The 15 Most Common Habits of the World's Happiest People
Humility is not thinking less of yourself, but thinking of yourself less. - CS Lewis
Self-esteem that is bound to external success can lead to small spurts of happiness but is not long lasting. Focus more on the betterment of yourself for the sake of those around you, rather than for your own ego.
SIMILAR ARTICLES & IDEAS:
Being “rushed” puts you on the fast track to being miserable.
Live a productive life at a comfortable pace. Learn to say no to busywork.
National surveys find that when someone claims to have 5 or more friends with whom they can discuss important problems, they are 60 percent more likely to say that they are ‘very happy’.
Excerpt from the book Finding Flow.
True friends really are worth their weight in gold. Check in regularly with close friends (around every two weeks).
Self-esteem is good for confidence, but self-esteem that is bound to external success can be quite fickle.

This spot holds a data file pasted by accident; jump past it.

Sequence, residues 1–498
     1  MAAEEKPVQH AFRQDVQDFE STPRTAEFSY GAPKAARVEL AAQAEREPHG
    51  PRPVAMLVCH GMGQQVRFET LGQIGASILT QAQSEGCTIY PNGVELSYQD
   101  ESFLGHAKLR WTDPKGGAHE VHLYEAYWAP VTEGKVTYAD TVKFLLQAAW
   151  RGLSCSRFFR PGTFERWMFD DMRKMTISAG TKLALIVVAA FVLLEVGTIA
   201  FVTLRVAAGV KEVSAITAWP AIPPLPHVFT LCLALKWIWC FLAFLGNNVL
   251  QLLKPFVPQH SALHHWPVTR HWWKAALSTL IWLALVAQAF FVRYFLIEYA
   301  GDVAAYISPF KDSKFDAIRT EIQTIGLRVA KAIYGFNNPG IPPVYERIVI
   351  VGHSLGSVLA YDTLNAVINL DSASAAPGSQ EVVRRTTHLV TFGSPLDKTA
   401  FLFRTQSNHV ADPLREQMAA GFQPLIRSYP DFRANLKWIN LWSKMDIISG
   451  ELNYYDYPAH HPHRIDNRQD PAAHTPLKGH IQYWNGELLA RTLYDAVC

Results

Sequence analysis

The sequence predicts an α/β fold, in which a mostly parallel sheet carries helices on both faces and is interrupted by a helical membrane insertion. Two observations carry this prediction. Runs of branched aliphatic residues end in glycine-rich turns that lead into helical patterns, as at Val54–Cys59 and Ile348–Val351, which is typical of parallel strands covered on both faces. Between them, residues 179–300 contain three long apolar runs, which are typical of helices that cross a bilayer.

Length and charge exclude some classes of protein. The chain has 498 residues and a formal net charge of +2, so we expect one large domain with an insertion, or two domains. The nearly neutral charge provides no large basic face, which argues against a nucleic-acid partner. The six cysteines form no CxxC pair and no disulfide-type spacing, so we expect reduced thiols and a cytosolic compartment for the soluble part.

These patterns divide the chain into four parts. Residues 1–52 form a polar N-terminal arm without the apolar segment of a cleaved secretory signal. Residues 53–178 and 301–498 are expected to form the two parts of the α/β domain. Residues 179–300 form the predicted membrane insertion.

Think of yourself less and avoid the trap of tying your self-worth to external signals.
... even if it's stressful. Mastering a new skill means more stress now but more happiness later.
The key is to choose the right new skill to master, a challenge to undertake, or an opportunity to get out of your comfort zone. The greatest increases in happiness come from learning a skill you choose, rather than one you think you should or feel forced to learn.
Geographically close friends (and neighbors) have the greatest effect on happiness.
Individual happiness cascades through groups of people, like contagion. So make friends with people who live near you.
Happiness can come from noticing and embracing a wide spectrum of emotions--both good and bad.
So don't ignore negative feelings. Embrace them--and then actively work toward overcoming whatever issues you face.